The Basics with Todd A. Lipman, CS
For practical purposes, simply identifying whether a wine appears clear versus hazy, doesn't smell unappealing, and doesn't have bubbles if it shouldn't is enough to determine whether or not a wine is sound for consumption. The basics include not overcomplicating what you think you perceive. There's plenty of time down the road of your wine education to over-analyze the intricacies involved in blind tasting and overall assessment of a wine. However, one needn't be en route to becoming a Master Sommelier to be able to appreciate and enjoy wine.
Wine can be pretty fancy, but at the end of the day is merely a beverage. Whether you are a Wine Professional or a Wine Enthusiast, the common link is that wine is meant to be enjoyed and shared with family and friends no matter if it's your profession or your hobby.
- Swirl the Glass -
Swirling isn't snobby, it's the only way to release the complexity of aromas and aerate the wine. It's easiest to swirl your glass on a flat surface holding the stem at the base. Start slowly. Once it's in motion, you can swirl faster. You have permission to swirl all types of wine.
Swirling the contents of a wine glass actually thins the volume of wine by allowing it to sheet down the inside of the glass and promotes evaporation of esters (aromatic compounds) and gentle heating of the liquid by incorporating room temperature air. This change in temperature and inclusion of oxygen, albeit slight and gradual, is responsible for increased appreciation of aromatic complexity, flavor, and softening of overall texture.
- Smell the Wine -
A good 80% or so of what you taste is based upon what you smell. The tiny olfactory bulb that affords us our sense of smell is located behind the nose.
Sniff the wine after swirling the glass. Do so slowly and gradually. What kind of fruits do you smell? What kind of spices? What kind of floral elements? Earthy elements? Anything else?
- Taste the Wine -
Allow the wine to cover all areas of the mouth and tongue. 'Tasting' is as much about what flavors you experience as which textures you feel. Is the wine acidic? Is the wine sweet? Is it fruity? Is it earthy? Does it leave the palate feeling dry (astringency)? Does it taste of spices? Does it feel spicy? Does it taste the way it smells?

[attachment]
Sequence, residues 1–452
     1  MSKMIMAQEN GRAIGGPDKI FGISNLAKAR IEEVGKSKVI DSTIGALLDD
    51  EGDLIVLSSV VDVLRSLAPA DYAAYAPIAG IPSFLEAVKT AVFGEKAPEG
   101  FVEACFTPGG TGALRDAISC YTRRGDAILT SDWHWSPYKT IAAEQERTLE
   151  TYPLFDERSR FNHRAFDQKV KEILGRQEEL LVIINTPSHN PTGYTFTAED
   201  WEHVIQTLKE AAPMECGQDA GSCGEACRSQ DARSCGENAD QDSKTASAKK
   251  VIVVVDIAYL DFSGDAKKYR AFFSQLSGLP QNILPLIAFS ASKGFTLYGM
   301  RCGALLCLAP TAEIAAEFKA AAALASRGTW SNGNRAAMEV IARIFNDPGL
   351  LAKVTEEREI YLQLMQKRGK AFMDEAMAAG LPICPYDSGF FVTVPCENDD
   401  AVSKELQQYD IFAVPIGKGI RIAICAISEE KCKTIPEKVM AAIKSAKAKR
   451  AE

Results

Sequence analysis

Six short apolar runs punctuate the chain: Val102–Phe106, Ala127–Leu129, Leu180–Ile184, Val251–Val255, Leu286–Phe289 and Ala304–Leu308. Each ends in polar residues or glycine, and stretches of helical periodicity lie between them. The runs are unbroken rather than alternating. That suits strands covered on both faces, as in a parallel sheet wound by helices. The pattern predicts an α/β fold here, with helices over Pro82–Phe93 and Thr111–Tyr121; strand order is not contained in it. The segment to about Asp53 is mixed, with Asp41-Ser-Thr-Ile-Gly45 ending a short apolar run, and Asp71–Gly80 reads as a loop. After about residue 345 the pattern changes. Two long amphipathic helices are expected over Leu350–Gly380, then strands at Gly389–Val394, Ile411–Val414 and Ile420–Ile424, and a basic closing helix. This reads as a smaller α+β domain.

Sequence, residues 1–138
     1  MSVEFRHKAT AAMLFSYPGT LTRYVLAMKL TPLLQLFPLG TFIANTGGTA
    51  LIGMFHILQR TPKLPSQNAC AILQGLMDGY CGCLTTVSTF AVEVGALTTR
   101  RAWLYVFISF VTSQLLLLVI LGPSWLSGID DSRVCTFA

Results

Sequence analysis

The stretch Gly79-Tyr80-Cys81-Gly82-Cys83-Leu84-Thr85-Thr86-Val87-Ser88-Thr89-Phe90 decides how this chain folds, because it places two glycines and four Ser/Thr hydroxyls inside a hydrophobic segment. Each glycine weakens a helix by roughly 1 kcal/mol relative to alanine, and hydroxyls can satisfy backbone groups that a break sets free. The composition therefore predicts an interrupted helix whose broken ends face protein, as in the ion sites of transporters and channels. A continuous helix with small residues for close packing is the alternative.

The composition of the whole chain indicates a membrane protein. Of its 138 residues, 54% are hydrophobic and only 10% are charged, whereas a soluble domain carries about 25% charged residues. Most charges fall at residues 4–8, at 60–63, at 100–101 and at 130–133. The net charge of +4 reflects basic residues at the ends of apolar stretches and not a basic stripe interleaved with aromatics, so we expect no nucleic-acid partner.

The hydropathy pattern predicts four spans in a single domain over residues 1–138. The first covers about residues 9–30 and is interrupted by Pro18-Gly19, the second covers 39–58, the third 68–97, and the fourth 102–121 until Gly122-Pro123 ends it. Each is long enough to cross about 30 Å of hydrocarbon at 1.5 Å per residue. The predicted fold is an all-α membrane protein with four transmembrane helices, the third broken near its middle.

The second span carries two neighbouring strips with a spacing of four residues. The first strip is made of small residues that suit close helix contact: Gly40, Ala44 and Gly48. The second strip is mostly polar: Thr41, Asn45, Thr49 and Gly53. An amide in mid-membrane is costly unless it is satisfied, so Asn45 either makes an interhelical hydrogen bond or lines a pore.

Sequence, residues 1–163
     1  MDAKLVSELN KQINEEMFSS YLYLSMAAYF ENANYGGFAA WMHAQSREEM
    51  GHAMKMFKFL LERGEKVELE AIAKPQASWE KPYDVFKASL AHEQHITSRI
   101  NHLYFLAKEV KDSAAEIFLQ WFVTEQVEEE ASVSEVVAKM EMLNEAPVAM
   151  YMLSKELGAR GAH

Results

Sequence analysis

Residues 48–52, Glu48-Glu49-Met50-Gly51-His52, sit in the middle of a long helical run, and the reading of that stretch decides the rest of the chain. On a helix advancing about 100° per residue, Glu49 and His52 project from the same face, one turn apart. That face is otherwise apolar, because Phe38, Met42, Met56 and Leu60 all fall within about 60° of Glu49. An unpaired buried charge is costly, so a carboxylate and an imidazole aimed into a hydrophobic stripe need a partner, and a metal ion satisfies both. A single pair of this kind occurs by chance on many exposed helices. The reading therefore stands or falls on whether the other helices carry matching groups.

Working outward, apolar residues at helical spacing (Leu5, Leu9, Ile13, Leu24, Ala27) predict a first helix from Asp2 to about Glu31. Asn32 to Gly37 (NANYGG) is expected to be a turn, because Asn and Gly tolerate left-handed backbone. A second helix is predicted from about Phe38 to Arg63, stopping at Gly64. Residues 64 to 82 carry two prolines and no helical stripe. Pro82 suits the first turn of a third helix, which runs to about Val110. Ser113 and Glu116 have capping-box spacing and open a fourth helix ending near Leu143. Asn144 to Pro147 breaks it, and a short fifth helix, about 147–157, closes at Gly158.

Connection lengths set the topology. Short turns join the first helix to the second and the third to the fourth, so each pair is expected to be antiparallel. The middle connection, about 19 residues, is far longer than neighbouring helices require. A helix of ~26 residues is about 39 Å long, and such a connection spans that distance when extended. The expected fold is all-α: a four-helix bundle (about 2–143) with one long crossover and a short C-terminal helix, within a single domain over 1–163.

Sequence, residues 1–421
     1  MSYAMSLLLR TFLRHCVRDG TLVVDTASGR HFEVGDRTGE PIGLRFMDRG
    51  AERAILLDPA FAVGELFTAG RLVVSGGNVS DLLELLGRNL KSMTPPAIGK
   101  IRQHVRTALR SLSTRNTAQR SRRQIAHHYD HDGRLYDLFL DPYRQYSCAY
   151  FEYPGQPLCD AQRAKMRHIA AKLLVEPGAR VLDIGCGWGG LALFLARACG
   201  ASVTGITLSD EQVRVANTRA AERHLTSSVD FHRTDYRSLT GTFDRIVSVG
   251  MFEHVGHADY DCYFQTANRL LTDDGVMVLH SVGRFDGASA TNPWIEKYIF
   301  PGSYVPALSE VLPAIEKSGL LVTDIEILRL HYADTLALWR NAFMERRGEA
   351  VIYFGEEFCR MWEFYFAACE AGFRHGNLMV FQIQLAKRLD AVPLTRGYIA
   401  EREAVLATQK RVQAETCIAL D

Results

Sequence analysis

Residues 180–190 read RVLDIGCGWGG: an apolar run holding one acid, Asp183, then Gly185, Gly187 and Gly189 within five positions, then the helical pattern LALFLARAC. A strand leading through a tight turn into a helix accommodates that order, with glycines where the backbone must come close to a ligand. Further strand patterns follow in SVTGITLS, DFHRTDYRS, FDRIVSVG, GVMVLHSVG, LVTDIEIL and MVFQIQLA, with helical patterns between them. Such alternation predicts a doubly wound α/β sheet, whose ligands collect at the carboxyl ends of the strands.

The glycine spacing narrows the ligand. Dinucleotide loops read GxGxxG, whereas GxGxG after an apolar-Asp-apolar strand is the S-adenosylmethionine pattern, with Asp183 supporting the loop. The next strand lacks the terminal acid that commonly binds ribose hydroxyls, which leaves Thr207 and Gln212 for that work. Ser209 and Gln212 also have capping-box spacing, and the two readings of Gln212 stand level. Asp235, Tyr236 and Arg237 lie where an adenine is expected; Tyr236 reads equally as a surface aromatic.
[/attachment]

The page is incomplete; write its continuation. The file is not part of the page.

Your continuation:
Perhaps the most telltale sign of the quality of a wine is a long persistent finish.
- The Wine -
Wine is extremely personal. Additionally, as human beings we each have a unique set of sensory thresholds. What one tastes as dry, someone else may deem as sweet. Who is wrong? Neither. Wine can be tricky. The best way for anyone to hone their wine knowledge is to taste, taste, and…taste. Scores are all well in good, but always form your own opinions. Have fun and try everything!
A Few Random but Poignant Ideas:
The easiest way to understand why terms like 'Candied Grapefruit', 'Lemon Confit' and 'Blackberry Compote' have meaning is to look at each base fruit without its modifier. The individual genre of Grapefruit has a spectrum of acidity to sweetness and in overall intensity:
Under-ripe Grapefruit (Super Tart) >>> Ruby Red Grapefruit (Semi-Sweet)
>>> Candied Grapefruit (Still Grapefruit, but Sweet)
This same logic can be applied to designating the degree of any elemental characteristic of a particular wine:
e.g. Acidity: Low Acid – Med/Low Acid – Med Acid – Med/High Acid – High Acid